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Archive for the ‘evolution’ category

Apr 19, 2016

The Syntellect Hypothesis: Five Paradigms of the Mind’s Evolution

Posted by in categories: evolution, neuroscience

Interesting thoughts.


Book by Alex M. Vikoulov, Overview #SyntellectHypothesis

Mar 26, 2016

Toward a realistic cosmic evolution

Posted by in categories: evolution, space, supercomputing

Using the Piz Daint supercomputer, cosmologists at the University of Geneva are the first to simulate the structure of the universe in a way that consistently accounts for the general theory of relativity.

Mar 24, 2016

Modified NWChem Code Utilizes Supercomputer Parallelization

Posted by in categories: chemistry, climatology, evolution, materials, quantum physics, supercomputing

Quicker time to discovery. That’s what scientists focused on quantum chemistry are looking for. According to Bert de Jong, Computational Chemistry, Materials and Climate Group Lead, Computational Research Division, Lawrence Berkeley National Lab (LBNL), “I’m a computational chemist working extensively with experimentalists doing interdisciplinary research. To shorten time to scientific discovery, I need to be able to run simulations at near-real-time, or at least overnight, to drive or guide the next experiments.” Changes must be made in the HPC software used in quantum chemistry research to take advantage of advanced HPC systems to meet the research needs of scientists both today and in the future.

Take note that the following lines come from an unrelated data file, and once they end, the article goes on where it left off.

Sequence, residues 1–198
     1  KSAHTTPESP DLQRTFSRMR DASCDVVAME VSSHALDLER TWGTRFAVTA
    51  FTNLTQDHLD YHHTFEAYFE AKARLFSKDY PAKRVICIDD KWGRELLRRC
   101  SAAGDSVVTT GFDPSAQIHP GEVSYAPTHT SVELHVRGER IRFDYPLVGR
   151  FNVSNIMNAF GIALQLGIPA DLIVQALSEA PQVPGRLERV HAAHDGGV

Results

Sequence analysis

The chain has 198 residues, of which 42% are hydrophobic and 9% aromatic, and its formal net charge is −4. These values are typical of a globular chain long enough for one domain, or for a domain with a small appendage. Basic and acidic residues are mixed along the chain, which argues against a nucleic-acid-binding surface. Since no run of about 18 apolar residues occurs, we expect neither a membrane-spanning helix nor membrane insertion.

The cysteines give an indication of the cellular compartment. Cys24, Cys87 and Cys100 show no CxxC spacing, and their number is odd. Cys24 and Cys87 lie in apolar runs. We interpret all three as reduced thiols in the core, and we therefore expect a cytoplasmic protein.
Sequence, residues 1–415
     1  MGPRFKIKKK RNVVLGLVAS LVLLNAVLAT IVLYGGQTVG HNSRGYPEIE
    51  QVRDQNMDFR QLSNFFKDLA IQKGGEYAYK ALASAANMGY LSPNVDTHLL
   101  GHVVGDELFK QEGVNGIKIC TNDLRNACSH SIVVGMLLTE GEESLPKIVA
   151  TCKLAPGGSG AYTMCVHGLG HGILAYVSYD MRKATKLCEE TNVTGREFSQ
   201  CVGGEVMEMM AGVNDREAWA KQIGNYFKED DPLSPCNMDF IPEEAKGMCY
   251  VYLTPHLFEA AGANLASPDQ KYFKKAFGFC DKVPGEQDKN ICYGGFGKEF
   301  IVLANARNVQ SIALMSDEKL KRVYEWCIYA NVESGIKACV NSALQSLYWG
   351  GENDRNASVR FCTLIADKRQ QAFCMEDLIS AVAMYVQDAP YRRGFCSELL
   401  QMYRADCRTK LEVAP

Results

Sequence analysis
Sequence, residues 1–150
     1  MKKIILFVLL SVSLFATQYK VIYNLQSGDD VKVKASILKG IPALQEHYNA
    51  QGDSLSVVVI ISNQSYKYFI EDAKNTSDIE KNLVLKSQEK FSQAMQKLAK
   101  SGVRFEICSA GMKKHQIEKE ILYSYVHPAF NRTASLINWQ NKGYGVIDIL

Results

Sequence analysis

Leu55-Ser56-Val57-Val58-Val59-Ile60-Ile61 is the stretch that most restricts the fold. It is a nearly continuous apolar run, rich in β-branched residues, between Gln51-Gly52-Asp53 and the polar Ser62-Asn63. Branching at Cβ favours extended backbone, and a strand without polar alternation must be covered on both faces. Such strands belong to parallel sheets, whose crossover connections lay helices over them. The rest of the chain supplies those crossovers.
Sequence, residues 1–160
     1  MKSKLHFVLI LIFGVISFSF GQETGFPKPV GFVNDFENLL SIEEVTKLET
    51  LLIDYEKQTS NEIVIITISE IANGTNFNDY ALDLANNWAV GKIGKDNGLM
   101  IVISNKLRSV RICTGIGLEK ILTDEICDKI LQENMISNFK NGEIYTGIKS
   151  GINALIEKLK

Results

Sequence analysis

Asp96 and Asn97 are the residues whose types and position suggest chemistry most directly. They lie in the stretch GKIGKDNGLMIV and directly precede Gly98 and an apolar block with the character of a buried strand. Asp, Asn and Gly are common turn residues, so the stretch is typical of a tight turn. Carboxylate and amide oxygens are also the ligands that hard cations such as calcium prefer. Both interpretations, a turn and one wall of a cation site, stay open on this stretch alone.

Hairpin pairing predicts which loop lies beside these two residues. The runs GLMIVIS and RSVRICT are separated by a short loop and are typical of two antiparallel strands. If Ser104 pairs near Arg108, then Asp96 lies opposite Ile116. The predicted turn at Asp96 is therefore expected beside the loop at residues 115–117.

NWChem is a widely used open source software computational chemistry package that includes both quantum chemical and molecular dynamics functionality. The NWChem project started around the mid-1990s, and the code was designed from the beginning to take advantage of parallel computer systems. NWChem is actively developed by a consortium of developers and maintained by the Environmental Molecular Sciences Laboratory (EMSL) located at the Pacific Northwest National Laboratory (PNNL) in Washington State. NWChem aims to provide its users with computational chemistry tools that are scalable both in their ability to treat large scientific computational chemistry problems efficiently, and in their use of available parallel computing resources from high-performance parallel supercomputers to conventional workstation clusters.

“Rapid evolution of the computational hardware also requires significant effort geared toward the modernization of the code to meet current research needs,” states Karol Kowalski, Capability Lead for NWChem Development at PNNL.

Continue reading “Modified NWChem Code Utilizes Supercomputer Parallelization” »

Mar 17, 2016

Former NASA astronomy, relativity chief to discuss evolution of universe, from Big Bang to black holes

Posted by in categories: cosmology, evolution

Another amazing female pioneer in STEM and she was a NASA chief astronomer to boot!